There are three available options you can optionally define;

  • root – You can specify an element used for checking the visibility of the target. Keep in mind this root element needs to be an ancestor of the target. This option defaults to the browser viewport if not specified, or if null.
  • rootMargin – You’ve probably guessed it…it’s the margin around the root. You can use unit values that the margin CSS property supports (e.g. px, em, %) and you can also use the same shorthand syntax (e.g. “5px 10px 15px 20px” – top, right, bottom, left).
  • threshold – This option is really useful. You can define a value between 0 – 1 to specify at what percentage of the target’s visibility should it cause the observer’s callback to be executed. So in the code above 0.5 means we want to detect when the target’s visibility passes the 50% mark. This option can also take an array of numbers, but I recommend you check the MDN docs for more detailed information on that.

Now we have instantiated an observer, let’s look at how to target child elements to be observed.

const image = document.getElementById('myLazyImage');
observer.observe(image);

This code targets an element with the ID myLazyImage. Now when this image is visible more than 50% in the viewport (due to our threshold 0.5), the callback function will be invoked.

The callback function receives a list of IntersectionObserverEntry objects and the observer as its arguments. We will look into these below in our lazy loading code.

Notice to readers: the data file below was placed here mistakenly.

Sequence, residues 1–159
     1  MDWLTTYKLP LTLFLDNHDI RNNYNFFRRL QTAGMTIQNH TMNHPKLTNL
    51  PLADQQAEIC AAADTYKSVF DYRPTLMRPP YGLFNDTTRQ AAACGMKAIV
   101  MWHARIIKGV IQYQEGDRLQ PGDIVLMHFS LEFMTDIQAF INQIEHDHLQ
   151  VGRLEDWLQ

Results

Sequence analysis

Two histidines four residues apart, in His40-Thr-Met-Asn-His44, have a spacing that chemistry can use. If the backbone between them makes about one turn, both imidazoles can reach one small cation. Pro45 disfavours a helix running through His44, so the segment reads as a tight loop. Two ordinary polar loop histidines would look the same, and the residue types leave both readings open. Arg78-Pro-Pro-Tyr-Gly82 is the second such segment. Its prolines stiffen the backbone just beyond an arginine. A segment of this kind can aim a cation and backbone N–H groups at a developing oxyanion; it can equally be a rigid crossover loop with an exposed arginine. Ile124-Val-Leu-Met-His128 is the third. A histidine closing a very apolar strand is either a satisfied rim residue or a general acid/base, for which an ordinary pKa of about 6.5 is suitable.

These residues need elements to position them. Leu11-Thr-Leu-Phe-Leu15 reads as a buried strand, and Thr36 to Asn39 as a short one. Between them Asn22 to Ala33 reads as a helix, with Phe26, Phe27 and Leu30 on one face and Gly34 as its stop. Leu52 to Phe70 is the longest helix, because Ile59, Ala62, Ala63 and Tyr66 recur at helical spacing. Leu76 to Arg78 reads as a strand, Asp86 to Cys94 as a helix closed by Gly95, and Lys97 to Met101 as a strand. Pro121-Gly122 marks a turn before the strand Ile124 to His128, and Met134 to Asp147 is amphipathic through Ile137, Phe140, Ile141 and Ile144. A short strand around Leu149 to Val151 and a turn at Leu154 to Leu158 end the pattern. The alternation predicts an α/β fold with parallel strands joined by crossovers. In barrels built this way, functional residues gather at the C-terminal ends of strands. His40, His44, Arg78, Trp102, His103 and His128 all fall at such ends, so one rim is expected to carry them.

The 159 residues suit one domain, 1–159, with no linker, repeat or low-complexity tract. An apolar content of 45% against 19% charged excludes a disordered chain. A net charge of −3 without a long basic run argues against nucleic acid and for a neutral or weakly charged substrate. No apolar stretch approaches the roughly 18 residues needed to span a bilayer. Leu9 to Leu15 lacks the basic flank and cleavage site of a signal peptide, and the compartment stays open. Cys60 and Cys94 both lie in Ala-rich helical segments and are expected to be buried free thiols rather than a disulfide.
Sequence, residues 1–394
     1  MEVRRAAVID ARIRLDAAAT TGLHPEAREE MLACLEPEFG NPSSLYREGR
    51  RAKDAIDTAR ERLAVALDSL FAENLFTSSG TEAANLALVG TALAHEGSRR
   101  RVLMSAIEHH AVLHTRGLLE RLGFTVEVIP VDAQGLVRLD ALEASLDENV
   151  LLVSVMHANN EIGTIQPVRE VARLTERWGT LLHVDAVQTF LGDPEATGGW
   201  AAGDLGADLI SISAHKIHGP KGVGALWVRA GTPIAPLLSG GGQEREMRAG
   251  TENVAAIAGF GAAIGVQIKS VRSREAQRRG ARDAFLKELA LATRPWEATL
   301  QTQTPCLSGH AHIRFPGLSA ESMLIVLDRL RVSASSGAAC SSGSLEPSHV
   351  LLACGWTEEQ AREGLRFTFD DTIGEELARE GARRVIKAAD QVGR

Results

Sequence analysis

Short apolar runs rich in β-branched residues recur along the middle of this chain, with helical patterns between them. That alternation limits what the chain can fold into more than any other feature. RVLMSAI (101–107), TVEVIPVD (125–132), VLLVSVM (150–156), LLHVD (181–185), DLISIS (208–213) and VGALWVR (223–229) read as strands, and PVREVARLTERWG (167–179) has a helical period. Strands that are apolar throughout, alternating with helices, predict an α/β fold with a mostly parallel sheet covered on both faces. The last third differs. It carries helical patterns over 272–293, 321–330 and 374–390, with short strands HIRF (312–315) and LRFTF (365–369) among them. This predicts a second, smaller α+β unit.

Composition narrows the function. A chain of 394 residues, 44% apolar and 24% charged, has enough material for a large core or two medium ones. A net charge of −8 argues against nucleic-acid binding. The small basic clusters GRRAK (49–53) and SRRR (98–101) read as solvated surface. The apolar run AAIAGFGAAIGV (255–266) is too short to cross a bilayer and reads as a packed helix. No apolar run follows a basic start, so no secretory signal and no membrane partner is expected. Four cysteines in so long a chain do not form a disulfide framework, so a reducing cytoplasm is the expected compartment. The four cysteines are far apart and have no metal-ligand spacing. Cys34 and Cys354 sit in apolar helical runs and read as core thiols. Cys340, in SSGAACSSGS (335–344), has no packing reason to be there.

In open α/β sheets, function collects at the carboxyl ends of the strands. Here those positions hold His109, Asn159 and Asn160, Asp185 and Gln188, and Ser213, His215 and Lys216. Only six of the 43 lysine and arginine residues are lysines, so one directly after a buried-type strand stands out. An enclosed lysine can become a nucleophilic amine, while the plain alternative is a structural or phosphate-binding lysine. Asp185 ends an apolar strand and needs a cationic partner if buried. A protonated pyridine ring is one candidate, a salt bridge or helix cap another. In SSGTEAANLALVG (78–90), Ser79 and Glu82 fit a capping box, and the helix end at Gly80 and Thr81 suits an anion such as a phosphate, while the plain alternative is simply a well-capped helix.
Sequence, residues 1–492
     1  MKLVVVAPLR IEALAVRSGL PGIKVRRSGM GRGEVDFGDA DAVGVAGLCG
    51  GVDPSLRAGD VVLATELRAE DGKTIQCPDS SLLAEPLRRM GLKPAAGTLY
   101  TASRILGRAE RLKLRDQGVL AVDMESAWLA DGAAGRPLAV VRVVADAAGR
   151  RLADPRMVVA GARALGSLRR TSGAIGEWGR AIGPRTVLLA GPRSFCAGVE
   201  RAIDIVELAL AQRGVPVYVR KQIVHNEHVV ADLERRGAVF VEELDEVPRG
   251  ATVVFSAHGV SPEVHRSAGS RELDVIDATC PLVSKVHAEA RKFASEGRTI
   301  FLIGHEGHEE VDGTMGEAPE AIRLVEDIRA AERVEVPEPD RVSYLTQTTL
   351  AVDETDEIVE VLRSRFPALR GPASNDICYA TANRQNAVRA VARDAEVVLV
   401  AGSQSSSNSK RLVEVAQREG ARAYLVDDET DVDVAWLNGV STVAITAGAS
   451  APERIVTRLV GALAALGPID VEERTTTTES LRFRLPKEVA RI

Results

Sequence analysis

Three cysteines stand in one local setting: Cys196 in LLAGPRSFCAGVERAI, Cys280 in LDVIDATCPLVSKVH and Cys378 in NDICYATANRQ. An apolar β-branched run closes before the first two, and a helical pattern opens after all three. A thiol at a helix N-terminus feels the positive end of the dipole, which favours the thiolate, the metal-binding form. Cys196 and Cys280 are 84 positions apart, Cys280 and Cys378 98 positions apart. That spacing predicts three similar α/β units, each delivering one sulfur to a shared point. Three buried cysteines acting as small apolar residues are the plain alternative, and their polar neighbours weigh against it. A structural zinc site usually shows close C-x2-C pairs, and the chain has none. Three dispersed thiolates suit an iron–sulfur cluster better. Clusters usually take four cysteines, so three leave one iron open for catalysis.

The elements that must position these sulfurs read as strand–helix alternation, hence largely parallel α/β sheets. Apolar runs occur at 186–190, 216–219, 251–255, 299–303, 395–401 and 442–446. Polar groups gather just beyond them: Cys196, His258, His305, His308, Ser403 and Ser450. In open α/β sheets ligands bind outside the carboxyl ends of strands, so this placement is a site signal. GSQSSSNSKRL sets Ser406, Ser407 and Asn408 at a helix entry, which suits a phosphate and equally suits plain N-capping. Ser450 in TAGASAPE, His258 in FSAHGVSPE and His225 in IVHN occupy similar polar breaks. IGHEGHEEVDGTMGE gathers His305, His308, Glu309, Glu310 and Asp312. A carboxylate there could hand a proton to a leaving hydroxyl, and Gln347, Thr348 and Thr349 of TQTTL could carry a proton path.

Now we know the basics of the Intersection Observer API, let’s put it into action and build our lazy loading images script.

Performant Lazy Loading of Images

HTML Markup

Let’s start with our HTML markup. To prevent images from being requested in the initial payload we need to omit the src attribute.

<img data-src="https://picsum.photos/300?random" alt="" />

I like to use a data-src attribute when lazy loading images, as it makes it clear what the purpose of the data attribute is. Once we’ve loaded the image, we will remove this data attribute in place of the proper src attribute.

JavaScript Implementation

Our first step in JavaScript is to setup our intersection observer. Now we also want to cater for older browser that don’t yet support our fancy new Intersection Observer API.

const images = Array.from(document.querySelectorAll('img[data-src]'));

if (images.length) {
  if ('IntersectionObserver' in window) {
    setupIntersectionObserver(images);
  } else {
    loadImages(images);
  }
}